The Queen of France achieves a dream nearly a decade in the making in the penultimate episode of Marie Antoinette's first season, but it somehow only reaffirms that nothing she does will ever be good enough for her husband's terrible family and his awful court. Yes, after eight years together — and four years on the throne of France — the queen finally manages to get pregnant. Still, rather than rejoice with the happy couple, almost everyone else seems more determined than ever to take Antoinette down.
There's undoubtedly happiness to be found in "The Ostrich." Antoinette announcing her pregnancy to Louis by informing him one of his courtiers has repeatedly been kicking her is next-level adorable and calls back to the charming sweetness of the pair's earliest interactions. (At least, those that didn't involve Louis physically running away from her.) Her desire to eat everything in sight is deeply relatable, and her cautious joy about what her pregnancy means for both her reign and her marriage is lovely to watch.
After seeing Louis and Antoinette at odds for so much of the past few episodes, it's honestly a relief to get such a stark reminder of why we liked them together so much in the first place. (We'll talk about Louis's dumb backsliding in a minute, don't worry.) But Louis's family is literally The Worst, so they're seemingly the furthest thing from being happy for her.
Despite being beloved by the people, reconciling with her husband, and getting pregnant, nothing Antoinette manages to accomplish will ever be good enough for these people, determined to view her as an outsider and a threat rather than a key player in the House of Bourbon's future. (I mean, she deserves a lifetime of macarons for that childbirth scene alone.) Granted, she's also not always the best advocate of her own cause, but who can blame her after almost a decade of being treated like trash?
Remember those rude paper doves that were being spread about Versailles back in "Rebel Queen"? Louis never figured out who it was, and no one ever faced any consequences. So no one should be surprised the next time someone decides to libel the queen publicly; they step up their game. This time, it's pamphlet-sized flyers full of graphic drawings depicting the so-called "The Ostrich Bitch's" affair with Chartres. (At least presumably — PBS, hilariously, insists on awkwardly blurring these images out, so let your imaginations run wild!)
The upshot is not just the bestowing of one of the dumbest nicknames of all time on Antoinette — ostrich sounds like Austrian if you squint — but simultaneously calling the paternity of her unborn child into question. Provence even repeats the rumor to his brother's face, implying that her friendship with Chartres has sexual overtones and the royal child is a bastard. (It's adorable later on when Provence finally gets punched in the face, is what I'm saying.)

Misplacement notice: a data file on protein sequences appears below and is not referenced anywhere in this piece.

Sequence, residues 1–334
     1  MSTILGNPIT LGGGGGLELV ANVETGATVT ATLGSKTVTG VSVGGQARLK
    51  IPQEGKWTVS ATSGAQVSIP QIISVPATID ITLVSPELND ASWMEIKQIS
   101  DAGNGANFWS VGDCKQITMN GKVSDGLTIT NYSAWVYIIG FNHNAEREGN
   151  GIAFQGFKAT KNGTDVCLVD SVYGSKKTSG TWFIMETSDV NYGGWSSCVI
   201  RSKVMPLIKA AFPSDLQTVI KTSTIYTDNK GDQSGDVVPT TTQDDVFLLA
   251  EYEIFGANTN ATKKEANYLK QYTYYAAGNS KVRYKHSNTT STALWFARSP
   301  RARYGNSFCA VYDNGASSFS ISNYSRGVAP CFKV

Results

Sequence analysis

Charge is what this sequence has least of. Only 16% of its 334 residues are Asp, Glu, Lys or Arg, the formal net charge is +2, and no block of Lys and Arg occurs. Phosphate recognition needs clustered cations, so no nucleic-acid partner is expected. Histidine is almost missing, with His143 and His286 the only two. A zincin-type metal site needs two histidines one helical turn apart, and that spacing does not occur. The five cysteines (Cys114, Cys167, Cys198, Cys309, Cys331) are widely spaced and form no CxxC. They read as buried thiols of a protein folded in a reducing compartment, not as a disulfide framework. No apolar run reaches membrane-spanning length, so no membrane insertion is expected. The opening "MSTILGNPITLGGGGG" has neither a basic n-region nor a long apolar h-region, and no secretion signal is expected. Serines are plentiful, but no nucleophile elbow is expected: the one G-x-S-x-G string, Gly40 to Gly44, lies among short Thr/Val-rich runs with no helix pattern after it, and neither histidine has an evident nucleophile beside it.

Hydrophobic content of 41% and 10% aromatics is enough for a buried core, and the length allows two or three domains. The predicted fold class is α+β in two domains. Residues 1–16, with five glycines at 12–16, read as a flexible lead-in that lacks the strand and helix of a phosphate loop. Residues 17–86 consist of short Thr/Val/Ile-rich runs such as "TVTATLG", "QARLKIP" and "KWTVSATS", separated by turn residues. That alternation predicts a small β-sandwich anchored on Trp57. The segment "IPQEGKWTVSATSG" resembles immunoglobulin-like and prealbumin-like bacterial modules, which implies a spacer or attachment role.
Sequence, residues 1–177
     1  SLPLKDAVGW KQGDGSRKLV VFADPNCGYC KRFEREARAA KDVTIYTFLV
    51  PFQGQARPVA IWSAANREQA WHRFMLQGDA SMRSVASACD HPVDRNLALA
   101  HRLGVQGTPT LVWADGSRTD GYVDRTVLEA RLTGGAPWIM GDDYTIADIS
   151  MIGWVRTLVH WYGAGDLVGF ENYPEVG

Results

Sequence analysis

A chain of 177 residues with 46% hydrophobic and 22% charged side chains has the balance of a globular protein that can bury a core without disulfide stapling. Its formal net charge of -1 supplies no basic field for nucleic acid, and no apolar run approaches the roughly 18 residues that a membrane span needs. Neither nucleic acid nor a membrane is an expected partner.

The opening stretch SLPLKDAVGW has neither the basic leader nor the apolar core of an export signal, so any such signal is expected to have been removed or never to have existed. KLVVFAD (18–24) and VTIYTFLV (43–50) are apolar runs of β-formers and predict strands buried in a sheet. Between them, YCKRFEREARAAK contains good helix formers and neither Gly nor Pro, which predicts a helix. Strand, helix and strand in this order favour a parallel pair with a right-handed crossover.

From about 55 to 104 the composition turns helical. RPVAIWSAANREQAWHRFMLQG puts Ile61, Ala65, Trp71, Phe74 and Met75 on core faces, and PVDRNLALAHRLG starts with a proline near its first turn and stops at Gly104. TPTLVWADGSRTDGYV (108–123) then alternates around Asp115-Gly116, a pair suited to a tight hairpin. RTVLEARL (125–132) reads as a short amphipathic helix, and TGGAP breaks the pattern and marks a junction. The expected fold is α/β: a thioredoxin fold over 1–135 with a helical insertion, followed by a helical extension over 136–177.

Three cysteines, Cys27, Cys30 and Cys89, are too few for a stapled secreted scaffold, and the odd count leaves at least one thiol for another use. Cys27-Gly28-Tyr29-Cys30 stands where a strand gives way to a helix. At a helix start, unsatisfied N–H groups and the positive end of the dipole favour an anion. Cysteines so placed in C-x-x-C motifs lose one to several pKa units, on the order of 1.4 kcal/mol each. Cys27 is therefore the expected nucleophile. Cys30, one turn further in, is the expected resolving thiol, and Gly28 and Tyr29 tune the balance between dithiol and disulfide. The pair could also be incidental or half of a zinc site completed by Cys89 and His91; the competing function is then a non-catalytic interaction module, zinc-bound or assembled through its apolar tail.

Louis genuinely wondering whether the rumors are true is another swerve that doesn't make a ton of sense. After everything they've been through, his inability to trust her is disappointing. Not to mention another unfortunate example of Marie Antoinette's tendency to inject problems into the royal relationship that are never really given enough narrative context. Why is he willing to believe his dirtbag brother's suggestion is possible? Shrug emoji.
Speaking of Provence — and no shade on actor Jack Archer — he is officially in the running for one of the worst characters on TV this year. Jealous, ambitious, and cruel, he's still somehow exhaustingly one note. His only personality trait appears to be that he wants to be king — and, perhaps more importantly, desires the power that comes with the position — and Marie Antoinette has sadly done very little to give this character anything like nuance.
It would be one thing if his motivations were at least more interesting or complicated by his affection for his brother, his love for France, or his desire to do what's best for his countrymen. But since he seems to actively hate Louis and doesn't care much if France rots, it's hard to see him as much beyond a mustache-twirling cartoon villain. (If he, you know, had a mustache.)
He's publicly rooting for a girl, so he stays the heir and is openly dismissive toward his brother, assuming his status as the current heir and his position as "Monsieur" will protect him. The show doesn't seem interested in why he hates his brother beyond jealousy and/or daddy issues, But worst of all, Provence isn't fun to watch. His schemes are basic, revolving around calling the Queen of France a dumb whore. If the show wants us to take him seriously — or his wife, who's much more interesting — don't viewers deserve something more? (Especially since he's going to become king someday, whether he deserves it or not.)
Provence's wife, Josephine, is at least given complex motivations. She's behind the pamphlets, hating Antoinette for reasons that boil down to internalized misogyny. She's angry her husband refuses to impregnate her and treats her like dirt. However, rather than taking it out on Provence (save for one satisfying scene where she physically kicks the crap out of him), she turns her rage toward her sister-in-law because it's easier to punch down at another woman, even if that woman is the queen, rather than demand better from the man she married. (I mean, she faked a pregnancy for this guy, you'd think he could at least be polite to her!)
Maybe she sees Antoinette as competition, a roadblock in the way of her only viable path to power as Provence's wife. Perhaps she's someone Josephine sees as allowed to attack because she's not popular amongst the rest of the family. But it's messy (and interesting) enough that I wish this episode managed to find more time to devote to teasing her motivations and goals out a little further. It makes for better TV than Provence's blind hate.